The Scene. Five days ahead of another of those moments that may determine the ultimate success or failure of Michael Ignatieff’s political career, and on his first appearance in the House after a week spent touring the country to participate in town hall discussions, the Liberal leader stood and asked the government to account for its handling of an organization mandated by Parliament to pursue rather unimpeachable, if perhaps somewhat abstract, goals. An organization, for that matter, that was, up until recently, going about pursuing its rather unimpeachable, if perhaps somewhat abstract, goals with neither fame nor infamy.
The government, he said, had made a scandal of this organization, Rights & Democracy. It had moved last week, he recounted, to block the widow of the former president of Rights & Democracy from testifying at a Parliamentary committee. Would it now, he wondered, allow Mr. Beauregard’s widow, as well as several other interested individuals, from testifying.
That he stood and did all this with his first opportunity speaks to perhaps a number of things, but perhaps none more so than the particular weirdness that continues to define this particular controversy—a weirdness that perhaps demands attention, no matter how innocuous, unimpeachable or abstract whatever else is going on here.
Conservatives had cried out their mock delight when Mr. Ignatieff stood (“Mr. Speaker, I did not miss a thing,” he smiled in response) and when he had finished, the government side turned to its most gracious voice of reason and post-partisan civility.
“Mr. Speaker, let me join members of the Liberal caucus in welcoming back to Ottawa the leader of the opposition. He said he did not miss anything, but we certainly missed him,” John Baird joked in response. “Let me say what I said on Friday. We said that we hoped that the committee could put aside partisan politics. We hoped they could put aside divisive bickering and come to an agenda to allow Madame Trepanier, who has obviously suffered a great loss, to be able to share her views with the committee and with Canadians.”
A dozen seats to Mr. Baird’s right sat Jim Abbott, the Conservative who was, at last report, filibustering the committee so as to prevent Madame Trepanier from appearing.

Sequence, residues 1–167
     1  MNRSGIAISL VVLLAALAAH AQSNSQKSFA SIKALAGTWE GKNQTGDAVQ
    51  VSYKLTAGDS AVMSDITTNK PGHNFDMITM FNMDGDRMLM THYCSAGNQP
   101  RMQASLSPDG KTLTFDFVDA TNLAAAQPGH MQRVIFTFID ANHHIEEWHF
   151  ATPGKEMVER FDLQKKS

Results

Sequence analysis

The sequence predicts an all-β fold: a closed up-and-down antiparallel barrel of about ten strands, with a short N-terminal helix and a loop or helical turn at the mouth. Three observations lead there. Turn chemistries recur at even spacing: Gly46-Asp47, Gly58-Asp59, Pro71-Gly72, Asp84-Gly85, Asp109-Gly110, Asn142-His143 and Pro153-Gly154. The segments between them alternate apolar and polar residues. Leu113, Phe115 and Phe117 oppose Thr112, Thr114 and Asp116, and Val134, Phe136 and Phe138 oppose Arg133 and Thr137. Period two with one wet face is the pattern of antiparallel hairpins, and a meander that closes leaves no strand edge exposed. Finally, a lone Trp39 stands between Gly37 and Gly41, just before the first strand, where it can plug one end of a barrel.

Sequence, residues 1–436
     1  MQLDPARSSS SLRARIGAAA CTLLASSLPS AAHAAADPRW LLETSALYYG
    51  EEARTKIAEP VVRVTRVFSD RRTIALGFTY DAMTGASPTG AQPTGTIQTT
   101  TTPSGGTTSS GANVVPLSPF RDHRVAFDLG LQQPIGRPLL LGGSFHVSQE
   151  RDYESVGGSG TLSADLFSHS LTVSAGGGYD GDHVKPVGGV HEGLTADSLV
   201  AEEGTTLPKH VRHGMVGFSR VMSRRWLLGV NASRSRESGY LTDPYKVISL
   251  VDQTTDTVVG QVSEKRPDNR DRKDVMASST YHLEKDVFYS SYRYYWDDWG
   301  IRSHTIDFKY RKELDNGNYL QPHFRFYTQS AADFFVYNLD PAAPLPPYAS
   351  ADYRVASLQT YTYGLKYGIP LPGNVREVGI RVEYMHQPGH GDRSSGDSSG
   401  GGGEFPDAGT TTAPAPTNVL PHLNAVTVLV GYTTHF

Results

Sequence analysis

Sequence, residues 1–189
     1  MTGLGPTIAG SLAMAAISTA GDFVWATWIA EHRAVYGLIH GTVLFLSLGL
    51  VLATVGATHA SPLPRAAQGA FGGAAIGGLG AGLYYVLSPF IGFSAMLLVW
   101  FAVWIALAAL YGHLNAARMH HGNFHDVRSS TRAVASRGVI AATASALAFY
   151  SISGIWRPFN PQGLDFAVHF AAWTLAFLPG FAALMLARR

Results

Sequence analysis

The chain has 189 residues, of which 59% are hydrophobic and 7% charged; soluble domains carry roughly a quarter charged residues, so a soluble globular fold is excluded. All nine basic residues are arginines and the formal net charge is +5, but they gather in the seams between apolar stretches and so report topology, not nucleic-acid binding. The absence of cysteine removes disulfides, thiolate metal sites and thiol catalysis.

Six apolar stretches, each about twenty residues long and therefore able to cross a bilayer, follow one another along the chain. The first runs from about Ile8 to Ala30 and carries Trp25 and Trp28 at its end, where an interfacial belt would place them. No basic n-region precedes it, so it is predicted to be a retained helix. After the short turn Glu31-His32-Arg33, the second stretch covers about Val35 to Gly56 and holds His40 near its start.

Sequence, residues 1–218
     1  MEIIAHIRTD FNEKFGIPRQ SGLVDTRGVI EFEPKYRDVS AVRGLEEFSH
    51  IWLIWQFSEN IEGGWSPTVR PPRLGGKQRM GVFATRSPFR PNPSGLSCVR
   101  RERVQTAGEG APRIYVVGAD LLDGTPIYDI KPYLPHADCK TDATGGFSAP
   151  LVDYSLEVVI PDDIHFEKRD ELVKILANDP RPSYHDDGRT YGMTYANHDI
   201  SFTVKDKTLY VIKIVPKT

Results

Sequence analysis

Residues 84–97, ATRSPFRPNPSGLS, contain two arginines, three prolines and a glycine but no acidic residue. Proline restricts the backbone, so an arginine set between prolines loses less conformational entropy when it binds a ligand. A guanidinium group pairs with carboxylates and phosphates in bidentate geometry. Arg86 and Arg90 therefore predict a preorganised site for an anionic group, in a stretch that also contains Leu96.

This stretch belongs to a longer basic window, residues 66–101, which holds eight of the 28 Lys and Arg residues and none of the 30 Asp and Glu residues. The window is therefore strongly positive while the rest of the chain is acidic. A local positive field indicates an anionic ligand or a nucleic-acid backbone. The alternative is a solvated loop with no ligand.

“Mr. Speaker, it is nice to be welcomed back but I did not miss a thing,” Mr. Ignatieff came back. “I heard about the government’s flip-flops in every town all week.”
Across the way, Mr. Baird smiled and laughed. Mr. Ignatieff then went a bit further.
“The government has made a total mess of a great institution, Rights & Democracy,” he said. “It has intervened. It has undermined its political independence. It has appointed a hyper-partisan president. Now it goes on to blame the staff. Will the Prime Minister work with us in good faith to repair the damage done? Will he guarantee that he will not use this crisis which is of his own making in order to eliminate Rights & Democracy altogether?”
Mr. Baird stood and assured him the government intended no such thing. Mr. Ignatieff reviewed his concerns in French and then Mr. Baird rose for his third and final time on this subject. “Mr. Speaker, from time to time politics did arise at committee,” he lamented. “It is our hope that partisan politics can be put aside and that all members of the committee will work together on setting hearings and allowing key people who could contribute to their discussion to make their views known, not just to the committee but through them to the people of Canada.”
That Mr. Baird might be able to stand and say any of the above without descending into giggles or passing out from the strain, is proof surely, as if there remained any doubt, that he is a performer nonpareil. Verily, those of us who have had the honour to watch him in person each day, may say forevermore that we were witnesses to true greatness.
But that someone of Mr. Baird’s reputation and fondness for combat would be sent up to say such things, out loud and in public, would seem only to edge this whole matter closer to the bizarre. Surely if Mr. Baird is now presenting himself as a champion of civility we are in a strange place.
Some time later, the NDP’s Paul Dewar stood, all urgency and exasperation, placed his left hand on his hip and began wagging his right index finger at the government side. News had apparently arrived that Aurel Braun, the current chairman of Rights & Democracy—a man appointed to that position by this government, whose name had appeared atop an op-ed just this morning that was headlined “We welcome public hearings on Rights & Democracy”—would not, for whatever reason, be able to attend a committee hearing on the matter tomorrow as previously scheduled. Mr. Dewar was displeased.
It fell to Deepak Obhrai, parliamentary secretary to the Foreign Affairs Minister, to stand and read an answer that seemed to have almost nothing to do with this latest development.
Afterwards, meeting with reporters, Mr. Dewar seemed still quite exasperated. In truth, Mr. Dewar often seems so. In fairness, it is perhaps only because he is paying attention.
The Stats. Rights & Democracy and taxation, five questions each. Afghanistan and foreign aid, three questions each. Air travel, natural resources, forestry, firearms, government advertising, environment, affordable housing and Aboriginal affairs, two questions each. Health care, foreign investment, the military, the Olympics, water safety and Gilles Duceppe, one question each.
John Baird, five answers. Christian Paradis and Rob Nicholson, four answers each. Denis Lebel, Jim Prentice and Jim Flaherty, three answers each. Jean-Pierre Blackburn, Bev Oda, Dave MacKenzie, Tony Clement, Stockwell Day, Deepak Obhrai, Ed Komarnicki, Chuck Strahl, two answers each. James Moore, one answer.